Archived Arts & Entertainment

Mountain Momma

I never realized little old ladies had such sharp elbows, or just how willing they were to use them, until my first experience with the Friends of the Library book sale at the Waynesville library several years ago.


It started innocently enough. I was reaching for a $2 used cookbook full of low-fat muffin recipes when I realized too late that someone else had their eye on it first, and they were playing for keeps.

I had stumbled into the bowels of this bibliophile mayhem quite by accident that day, popping in for what I intended as a morning of browsing for books with my toddler. Instead, I found myself smack in the middle of a roller derby equivalent of book buying.

The frenzy was catchy, and before I knew it, I was digging through the heaps of books with one hand and balancing my baby in the other, trying to shield her from the bumps and jostles that I quite quickly learned go with the territory on opening day of the used library book sale. But I was ill-equipped to say the least. I had no laundry basket or backpack to corral my finds, and this was clearly no place to have a small child in tow.

As I learned more about the book sale, I found out just what a coveted event it is. People actually line up early in the morning, hours before the doors open, to have their first crack at the book bargains waiting within. Of course, everything you find is such a steal, and there are soooo many books to chose from, I’m not quite sure what those early birds catch that we mid-morning folks don’t.

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Other than the sheer fun of being first, I wager there’s one distinct advantage to getting there early. When the doors open, the copious volumes of books are neat, tidy and ordered, painstakingly sorted and organized by volunteers for months in the lead up to the sale. But within a couple of short hours, all that hard work has devolved into precariously towering stacks of books, threatening to tumble down and land in a heap at your feet should you dare an extraction of an interesting title part-way down the pile.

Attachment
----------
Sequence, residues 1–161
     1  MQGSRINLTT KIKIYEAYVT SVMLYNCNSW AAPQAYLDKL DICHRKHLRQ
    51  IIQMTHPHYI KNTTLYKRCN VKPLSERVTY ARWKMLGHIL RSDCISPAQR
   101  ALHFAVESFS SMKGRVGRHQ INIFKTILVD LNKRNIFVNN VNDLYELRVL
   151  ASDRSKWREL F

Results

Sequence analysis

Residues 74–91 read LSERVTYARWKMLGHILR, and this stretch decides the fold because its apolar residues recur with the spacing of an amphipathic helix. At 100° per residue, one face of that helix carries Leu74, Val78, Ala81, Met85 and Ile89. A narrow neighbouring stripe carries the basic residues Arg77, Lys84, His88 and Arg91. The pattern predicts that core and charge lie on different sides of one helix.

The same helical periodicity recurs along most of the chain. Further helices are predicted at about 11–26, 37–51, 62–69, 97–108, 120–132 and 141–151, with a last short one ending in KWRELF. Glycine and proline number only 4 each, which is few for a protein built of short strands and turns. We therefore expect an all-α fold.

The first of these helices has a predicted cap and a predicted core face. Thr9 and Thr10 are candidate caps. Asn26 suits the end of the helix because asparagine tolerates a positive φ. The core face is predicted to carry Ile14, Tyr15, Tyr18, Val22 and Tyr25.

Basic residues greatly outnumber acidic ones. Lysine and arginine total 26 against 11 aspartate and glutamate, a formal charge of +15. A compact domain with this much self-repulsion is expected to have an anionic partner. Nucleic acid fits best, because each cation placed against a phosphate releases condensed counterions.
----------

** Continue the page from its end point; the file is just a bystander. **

Jesting aside, the library sale is not to be missed. It’s coming up Thursday, July 25, through Saturday, July 28, at the Waynesville library starting a 9 a.m. each day. And they have TONS of children’s books for all ages, no matter what day you make it.

If you want to introduce your kids to the makers behind the books they read, Blue Ridge Books in Waynesville will have an appearance at 3 p.m. Saturday, July 27, from author Anna Browning and illustrator Josh Crawford — both of whom went to high school in Haywood County and to WCU — with their new children’s book Tanner Turbeyfill and the Moon Rocks. See our Books page for more about their literary creation.

Also, the musical “Annie” is opening this weekend at the Highlands Playhouse and will run through August 17. For most of us, it’s a bit of a haul to get to Highlands, but a stage production of “Annie” with a full cast of 24 is too much to pass up. They have matinees on Sunday if you want to make a day of it.

Lastly, I must put in an early plug for the The Big Latch On coming up Saturday, Aug. 3. If you have a baby and are breast-feeding, here’s your chance to help set a world record. In honor of World Breastfeeding Week, Big Latch On events are being held around the globe in hopes of setting a record for the  most number of breastfeeding moms simultaneously nursing. Head over to the community room of the Sylva library starting at 10 a.m. Saturday, Aug. 3, and be ready to partake in the big nurse when the clock hits 10:30 a.m. 828.587.8214. 

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